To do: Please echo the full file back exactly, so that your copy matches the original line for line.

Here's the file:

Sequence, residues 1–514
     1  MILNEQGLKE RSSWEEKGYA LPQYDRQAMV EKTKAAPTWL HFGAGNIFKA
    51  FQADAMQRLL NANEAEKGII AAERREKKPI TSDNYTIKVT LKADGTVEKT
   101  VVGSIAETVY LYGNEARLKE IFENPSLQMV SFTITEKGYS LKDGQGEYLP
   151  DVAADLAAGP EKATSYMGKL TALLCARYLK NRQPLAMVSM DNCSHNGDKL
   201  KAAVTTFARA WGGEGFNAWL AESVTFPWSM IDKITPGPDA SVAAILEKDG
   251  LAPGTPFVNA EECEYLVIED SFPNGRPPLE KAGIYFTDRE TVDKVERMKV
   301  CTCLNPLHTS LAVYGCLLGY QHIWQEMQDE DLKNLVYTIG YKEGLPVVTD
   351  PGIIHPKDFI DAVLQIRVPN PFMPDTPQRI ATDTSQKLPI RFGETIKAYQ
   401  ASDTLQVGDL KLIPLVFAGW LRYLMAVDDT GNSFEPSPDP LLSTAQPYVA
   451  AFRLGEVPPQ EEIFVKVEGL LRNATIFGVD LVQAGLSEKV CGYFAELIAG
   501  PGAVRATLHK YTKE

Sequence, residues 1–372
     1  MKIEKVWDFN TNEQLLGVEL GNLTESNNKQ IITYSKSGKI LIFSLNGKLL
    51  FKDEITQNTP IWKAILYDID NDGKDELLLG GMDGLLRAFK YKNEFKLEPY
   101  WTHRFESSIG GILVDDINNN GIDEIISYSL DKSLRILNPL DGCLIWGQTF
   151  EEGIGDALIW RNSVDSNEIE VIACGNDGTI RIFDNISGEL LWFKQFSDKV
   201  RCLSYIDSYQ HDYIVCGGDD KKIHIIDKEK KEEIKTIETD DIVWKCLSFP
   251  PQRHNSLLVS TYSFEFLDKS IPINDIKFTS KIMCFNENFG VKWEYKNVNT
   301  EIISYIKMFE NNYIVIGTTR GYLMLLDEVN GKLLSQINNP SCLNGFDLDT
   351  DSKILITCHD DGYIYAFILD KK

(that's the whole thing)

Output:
Sequence, residues 1–514
     1  MILNEQGLKE RSSWEEKGYA LPQYDRQAMV EKTKAAPTWL HFGAGNIFKA
    51  FQADAMQRLL NANEAEKGII AAERREKKPI TSDNYTIKVT LKADGTVEKT
   101  VVGSIAETVY LYGNEARLKE IFENPSLQMV SFTITEKGYS LKDGQGEYLP
   151  DVAADLAAGP EKATSYMGKL TALLCARYLK NRQPLAMVSM DNCSHNGDKL
   201  KAAVTTFARA WGGEGFNAWL AESVTFPWSM IDKITPGPDA SVAAILEKDG
   251  LAPGTPFVNA EECEYLVIED SFPNGRPPLE KAGIYFTDRE TVDKVERMKV
   301  CTCLNPLHTS LAVYGCLLGY QHIWQEMQDE DLKNLVYTIG YKEGLPVVTD
   351  PGIIHPKDFI DAVLQIRVPN PFMPDTPQRI ATDTSQKLPI RFGETIKAYQ
   401  ASDTLQVGDL KLIPLVFAGW LRYLMAVDDT GNSFEPSPDP LLSTAQPYVA
   451  AFRLGEVPPQ EEIFVKVEGL LRNATIFGVD LVQAGLSEKV CGYFAELIAG
   501  PGAVRATLHK YTKE

Sequence, residues 1–372
     1  MKIEKVWDFN TNEQLLGVEL GNLTESNNKQ IITYSKSGKI LIFSLNGKLL
    51  FKDEITQNTP IWKAILYDID NDGKDELLLG GMDGLLRAFK YKNEFKLEPY
   101  WTHRFESSIG GILVDDINNN GIDEIISYSL DKSLRILNPL DGCLIWGQTF
   151  EEGIGDALIW RNSVDSNEIE VIACGNDGTI RIFDNISGEL LWFKQFSDKV
   201  RCLSYIDSYQ HDYIVCGGDD KKIHIIDKEK KEEIKTIETD DIVWKCLSFP
   251  PQRHNSLLVS TYSFEFLDKS IPINDIKFTS KIMCFNENFG VKWEYKNVNT
   301  EIISYIKMFE NNYIVIGTTR GYLMLLDEVN GKLLSQINNP SCLNGFDLDT
   351  DSKILITCHD DGYIYAFILD KK